The Oklahoma Master Irrigator Program is Underway with more Sessions PlannedTue, 16 Feb 2021 17:03:51 CST
The Oklahoma Master Irrigator Program is not centered on math, however, what is learned through it can certainly add up to financial and conservation benefits for agricultural producers.
The Oklahoma Master Irrigator Program’s goal is to generate improved water use efficiency and farm income through increased farmer adoption of advanced water management strategies and technologies.
Producers, crop consultants, farm managers, conservation professionals (e.g., Natural Resources Conservation Service and Conservation Districts), and county extension agents can attend the program. This session of the program is offered in the Oklahoma Panhandle. The program is also offered to adjacent areas of neighboring states. However, only participants from Oklahoma will be eligible for benefits and incentives. The first group of producers recently completed the training at the Oklahoma Panhandle Research and Extension Center in Goodwell.
The program is truly a team effort comprised of Oklahoma State University Extension, the Oklahoma Water Resources Center, Oklahoma Panhandle Ag Irrigators Association, Oklahoma Water Resources Board, Oklahoma Conservation Commission, and the Natural Resources Conservation Service. Dr. Kevin Wagner at the Oklahoma Water Resources Center, along with the Panhandle Ag Irrigators, have facilitated the formation of the program, but Wagner stressed, “This has truly been a team effort.”
The idea of the Oklahoma Master Irrigator Program originated following the 2018 Ogallala Summit when Oklahoma State University, the Oklahoma Water Resources Board, the Oklahoma Department of Agriculture, Food and Forestry and OK Panhandle Irrigators learned of the Master Irrigator program developed by the North Plains Groundwater District, Texas, where it was first offered in 2016.
“Agriculture in the Oklahoma Panhandle is highly dependent on underground water resources (the Ogallala Aquifer) for irrigation due to uncertainty in rainfall to sustain stable yields,” said Sumit Sharma, of Oklahoma State University’s Department of Plant & Soil Sciences. “However, the water resources are limited, and irrigation capacities are declining. While technology and strategies are available to address improved water use efficiencies and water conservation, there exists a knowledge gap on effectively using these strategies and understanding their cost-to-benefit ratio.”
Therefore, there is a need for an extension education program to educate the stakeholders about novel strategies and technologies available to improve water use efficiency and conservation. A second and important piece is to connect these “Master Irrigators” with the resources that they need to implement advanced water management.
To this end, the Oklahoma Conservation Commission and the Oklahoma Water Resources Board will be providing graduates (through the local districts) with funding for soil moisture sensors. Additionally, graduates will be provided access to Oklahoma State University’s mobile irrigation lab to perform assessments of pumping and irrigation efficiency.
Finally, graduates will be eligible for additional ranking points to their Environmental Quality Incentives Program (EQIP) applications related to improving irrigation water use and efficiency.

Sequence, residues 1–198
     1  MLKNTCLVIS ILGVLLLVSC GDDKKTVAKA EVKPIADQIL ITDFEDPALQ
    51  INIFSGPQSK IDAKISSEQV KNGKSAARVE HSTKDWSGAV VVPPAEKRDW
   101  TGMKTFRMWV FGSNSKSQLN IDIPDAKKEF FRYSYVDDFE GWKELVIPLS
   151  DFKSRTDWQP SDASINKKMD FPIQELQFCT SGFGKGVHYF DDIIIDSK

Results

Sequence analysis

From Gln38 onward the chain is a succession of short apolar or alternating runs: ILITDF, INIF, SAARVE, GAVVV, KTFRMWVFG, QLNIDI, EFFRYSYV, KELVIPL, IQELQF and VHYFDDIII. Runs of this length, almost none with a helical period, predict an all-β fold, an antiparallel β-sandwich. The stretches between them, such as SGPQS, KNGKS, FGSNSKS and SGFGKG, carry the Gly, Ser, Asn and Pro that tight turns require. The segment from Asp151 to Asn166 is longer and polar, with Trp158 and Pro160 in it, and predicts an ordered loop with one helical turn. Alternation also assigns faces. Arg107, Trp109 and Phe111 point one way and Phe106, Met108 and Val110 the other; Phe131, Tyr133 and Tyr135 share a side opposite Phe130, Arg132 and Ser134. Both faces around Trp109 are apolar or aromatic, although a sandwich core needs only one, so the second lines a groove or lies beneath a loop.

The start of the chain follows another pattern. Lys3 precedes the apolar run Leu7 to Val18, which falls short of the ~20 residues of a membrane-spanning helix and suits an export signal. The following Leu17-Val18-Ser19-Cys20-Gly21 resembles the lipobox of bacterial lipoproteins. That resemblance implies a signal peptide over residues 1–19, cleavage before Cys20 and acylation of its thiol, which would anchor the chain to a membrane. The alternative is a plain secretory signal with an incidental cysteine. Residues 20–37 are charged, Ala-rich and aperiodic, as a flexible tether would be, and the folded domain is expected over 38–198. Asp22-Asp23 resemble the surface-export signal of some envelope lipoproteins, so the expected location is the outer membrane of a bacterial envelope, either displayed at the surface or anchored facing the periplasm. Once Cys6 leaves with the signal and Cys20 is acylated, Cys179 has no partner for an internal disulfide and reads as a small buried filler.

While the current program is being held in the Panhandle and future sessions will also be held there, additional offerings are planned for the southwest region of the state and then other areas (e.g., Rush Springs aquifer, Enid region, and elsewhere).
Each training is comprised of a total of four sessions. Each session is about six hours and is offered once a week for four weeks. The first session was offered on January 19 while the fourth session was held Feb. 9.
“As stated previously, we plan future sessions in the Panhandle, developing a customized program for southwest Oklahoma, and in coming years, develop customized programs to meet the needs of other regions of the state,” said Sharma, who is overseeing the delivery of this program.
The session covers aspects of irrigation from soil-water, crop-water relationship, irrigation scheduling using crop models and soil moisture sensors, management of limited water capacities, economics of irrigation, current crop prices, irrigation equipment, energy efficiency of irrigation pumps, as well as irrigation methods and equipment maintenance.
“The staff of the Oklahoma Panhandle Research and Extension Center has been very supportive for arranging logistics,” Sharma said. “The funds for incentives are provided by the Oklahoma Conservation Commission, Oklahoma Water Resources Board, OSU, and USDA National Institute for Food and Agriculture. Dr. Wagner, Dr. Jason Warren, and Dr. Saleh Taghvaeian have provided vital guidance about the program. Additionally, the advisory panel which include producers, and crop consultants, NRCS, and OSU personnel have provided inputs to design the program curriculum.”
Those interested in the program can go to https://extension.okstate.edu/programs/master-irrigator/index.html for more information or to register for the program. The number of participants is limited to 25 per training. The website provides contact information in case someone may have additional questions.
(photo cred--The first group of producers of the Oklahoma Master Irrigator Program recently completed the training at the Oklahoma Panhandle Research and Extension Center in Goodwell.)
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